A canopy for life
Faced with heavily altered landscapes and steadily shrinking habitats, more than ninety species of migratory birds have found a refuge on the shade trees of coffee farms. During the early fall (of the northern temperate zone), birds such as the Nashville Warbler (Vermivora ruficapilla), Broad-winged Hawk (Buteo platypterus), Great Crested Flycatcher (Myiarchus crinitus), the lovely Summer Tanager (Piranga rubra), raptors and others frequent the shade coffee farms in Oriente region.
Once in Guatemala, migratory birds survive on the diverse ecosystem found in coffee farms. Leguminous trees like "cuje." "cushín," and "chalum" (Inga spp.), the primary shade tree types used in Guatemala, are not only beneficial for coffee plants, but also for migratory birds that feed off the nectar from flowers or from the insects attracted to the flowers. Other species of shade trees, as well as associated plants like epiphytic bromeliads, orchids and ferns enhance the overall biodiversity of the coffee farms, providing refuge and resources for birds and other animals.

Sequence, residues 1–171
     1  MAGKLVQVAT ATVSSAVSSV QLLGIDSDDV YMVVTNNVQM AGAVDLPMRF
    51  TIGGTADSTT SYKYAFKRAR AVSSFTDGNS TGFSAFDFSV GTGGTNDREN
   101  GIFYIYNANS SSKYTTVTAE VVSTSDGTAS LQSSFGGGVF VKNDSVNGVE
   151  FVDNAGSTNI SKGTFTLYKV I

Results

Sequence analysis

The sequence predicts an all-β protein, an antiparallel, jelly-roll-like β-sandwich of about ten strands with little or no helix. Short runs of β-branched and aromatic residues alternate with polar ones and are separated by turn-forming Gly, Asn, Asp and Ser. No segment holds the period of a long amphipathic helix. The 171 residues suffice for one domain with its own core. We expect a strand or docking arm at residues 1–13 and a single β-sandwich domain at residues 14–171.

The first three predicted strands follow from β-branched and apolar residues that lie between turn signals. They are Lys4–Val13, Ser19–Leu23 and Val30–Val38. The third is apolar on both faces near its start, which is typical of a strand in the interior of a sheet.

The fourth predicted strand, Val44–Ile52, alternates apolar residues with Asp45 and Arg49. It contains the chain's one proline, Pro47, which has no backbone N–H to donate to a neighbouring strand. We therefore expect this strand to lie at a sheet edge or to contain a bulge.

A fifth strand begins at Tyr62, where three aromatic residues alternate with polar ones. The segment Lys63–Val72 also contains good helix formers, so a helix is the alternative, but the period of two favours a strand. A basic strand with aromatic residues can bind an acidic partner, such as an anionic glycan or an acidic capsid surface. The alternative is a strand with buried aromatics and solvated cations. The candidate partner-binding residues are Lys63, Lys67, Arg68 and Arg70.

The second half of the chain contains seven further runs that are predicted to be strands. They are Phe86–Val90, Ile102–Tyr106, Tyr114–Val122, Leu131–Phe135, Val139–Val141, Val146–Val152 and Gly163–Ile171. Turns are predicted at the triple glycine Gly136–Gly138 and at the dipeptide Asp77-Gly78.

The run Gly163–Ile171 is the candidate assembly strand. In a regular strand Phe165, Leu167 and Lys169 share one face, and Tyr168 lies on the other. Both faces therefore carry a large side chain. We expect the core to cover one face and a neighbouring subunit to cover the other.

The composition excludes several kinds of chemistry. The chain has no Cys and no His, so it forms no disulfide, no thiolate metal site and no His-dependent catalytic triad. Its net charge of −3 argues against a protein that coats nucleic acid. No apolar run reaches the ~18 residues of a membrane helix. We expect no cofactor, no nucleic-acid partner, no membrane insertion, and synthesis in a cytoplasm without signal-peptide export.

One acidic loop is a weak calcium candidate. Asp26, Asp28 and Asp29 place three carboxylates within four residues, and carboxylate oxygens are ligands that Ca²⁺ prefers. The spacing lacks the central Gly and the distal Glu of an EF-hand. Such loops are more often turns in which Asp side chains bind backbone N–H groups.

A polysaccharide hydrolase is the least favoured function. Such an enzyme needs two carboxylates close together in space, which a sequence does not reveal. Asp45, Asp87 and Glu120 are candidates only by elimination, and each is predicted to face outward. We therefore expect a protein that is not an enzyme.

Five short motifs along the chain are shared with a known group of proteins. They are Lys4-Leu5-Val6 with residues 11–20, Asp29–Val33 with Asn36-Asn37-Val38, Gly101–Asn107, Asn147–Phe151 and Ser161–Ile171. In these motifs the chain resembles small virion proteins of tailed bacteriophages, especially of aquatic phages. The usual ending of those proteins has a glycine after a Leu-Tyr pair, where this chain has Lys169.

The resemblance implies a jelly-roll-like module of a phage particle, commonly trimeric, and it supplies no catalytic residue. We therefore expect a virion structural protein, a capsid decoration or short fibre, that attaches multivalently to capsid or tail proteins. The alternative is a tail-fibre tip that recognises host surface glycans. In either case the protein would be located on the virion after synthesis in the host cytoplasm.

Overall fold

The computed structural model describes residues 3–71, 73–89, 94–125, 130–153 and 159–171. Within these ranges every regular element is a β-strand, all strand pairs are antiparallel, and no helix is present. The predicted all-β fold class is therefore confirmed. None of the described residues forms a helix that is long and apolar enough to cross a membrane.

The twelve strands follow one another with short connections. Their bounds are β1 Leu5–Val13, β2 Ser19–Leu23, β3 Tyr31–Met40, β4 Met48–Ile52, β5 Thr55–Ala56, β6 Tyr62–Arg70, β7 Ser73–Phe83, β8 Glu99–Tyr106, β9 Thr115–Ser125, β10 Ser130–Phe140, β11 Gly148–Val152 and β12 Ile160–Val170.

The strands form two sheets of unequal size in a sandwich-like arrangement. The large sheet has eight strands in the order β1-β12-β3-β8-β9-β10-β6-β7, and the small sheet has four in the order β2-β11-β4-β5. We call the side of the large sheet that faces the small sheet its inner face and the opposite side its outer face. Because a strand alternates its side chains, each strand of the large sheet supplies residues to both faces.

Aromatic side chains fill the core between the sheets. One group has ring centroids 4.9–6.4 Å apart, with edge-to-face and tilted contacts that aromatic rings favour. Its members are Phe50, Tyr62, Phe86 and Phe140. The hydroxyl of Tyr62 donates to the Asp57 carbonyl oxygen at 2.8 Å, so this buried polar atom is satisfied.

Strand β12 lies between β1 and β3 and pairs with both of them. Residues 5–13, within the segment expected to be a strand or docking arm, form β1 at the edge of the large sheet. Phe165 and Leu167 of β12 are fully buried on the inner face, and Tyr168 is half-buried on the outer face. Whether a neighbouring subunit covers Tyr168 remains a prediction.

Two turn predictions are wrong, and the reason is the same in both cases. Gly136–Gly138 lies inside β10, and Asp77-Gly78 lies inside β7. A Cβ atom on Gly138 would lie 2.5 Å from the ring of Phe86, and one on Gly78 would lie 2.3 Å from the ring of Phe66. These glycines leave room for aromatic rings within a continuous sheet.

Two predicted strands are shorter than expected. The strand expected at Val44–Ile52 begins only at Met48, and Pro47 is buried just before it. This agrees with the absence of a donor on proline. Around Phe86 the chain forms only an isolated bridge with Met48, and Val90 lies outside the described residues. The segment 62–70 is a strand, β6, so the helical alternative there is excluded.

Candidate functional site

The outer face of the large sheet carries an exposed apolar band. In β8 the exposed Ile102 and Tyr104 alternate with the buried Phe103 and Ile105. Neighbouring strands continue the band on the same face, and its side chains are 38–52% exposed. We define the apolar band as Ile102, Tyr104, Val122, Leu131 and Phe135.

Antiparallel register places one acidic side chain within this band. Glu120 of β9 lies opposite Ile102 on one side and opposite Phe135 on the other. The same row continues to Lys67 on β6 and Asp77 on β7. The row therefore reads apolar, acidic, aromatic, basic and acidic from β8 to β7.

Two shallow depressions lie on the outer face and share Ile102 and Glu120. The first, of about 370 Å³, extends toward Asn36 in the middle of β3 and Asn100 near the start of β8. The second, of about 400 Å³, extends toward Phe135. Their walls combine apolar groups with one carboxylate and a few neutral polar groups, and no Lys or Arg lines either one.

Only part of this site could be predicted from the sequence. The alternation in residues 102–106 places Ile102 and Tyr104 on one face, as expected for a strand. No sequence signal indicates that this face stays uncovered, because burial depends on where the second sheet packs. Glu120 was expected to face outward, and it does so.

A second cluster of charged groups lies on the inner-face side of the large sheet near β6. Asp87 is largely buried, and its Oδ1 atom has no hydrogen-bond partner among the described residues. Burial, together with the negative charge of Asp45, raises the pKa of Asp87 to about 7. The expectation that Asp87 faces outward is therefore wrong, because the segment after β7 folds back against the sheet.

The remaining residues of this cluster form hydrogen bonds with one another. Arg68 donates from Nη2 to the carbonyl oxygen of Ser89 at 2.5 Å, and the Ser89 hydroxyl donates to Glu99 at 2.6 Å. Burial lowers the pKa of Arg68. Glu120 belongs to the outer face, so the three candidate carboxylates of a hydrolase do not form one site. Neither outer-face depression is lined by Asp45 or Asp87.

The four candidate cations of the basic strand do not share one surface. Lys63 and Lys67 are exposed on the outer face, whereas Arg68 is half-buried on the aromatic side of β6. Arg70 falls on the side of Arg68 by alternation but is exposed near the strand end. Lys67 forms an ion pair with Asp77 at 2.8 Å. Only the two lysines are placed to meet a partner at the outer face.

In addition to migratory birds, Oriente's mountain forests and coffee farms are home to more than a hundred resident species of birds, such as the Crescent Chested Wabler (Parula superciliosa), Masked Tityra (Tityra semifasciata), Tropical Kingbird (Tyrannus melancholicus) and Common Bush-Tanager (Chlorospingus ophthalmicus). A shaded coffee system, while unable to duplicate all the dynamics of a natural forest, can provide suprisingly high quality habitat for many of these birds.
In Oriente, shaded coffee farms form bridges between natural forests, joining these relict patches and providing supplemental habitat, where landscapes have been heavily altered by human intervention. Without these essential habitats, bird species would face greater challenges in finding areas for refuge, feeding and nesting.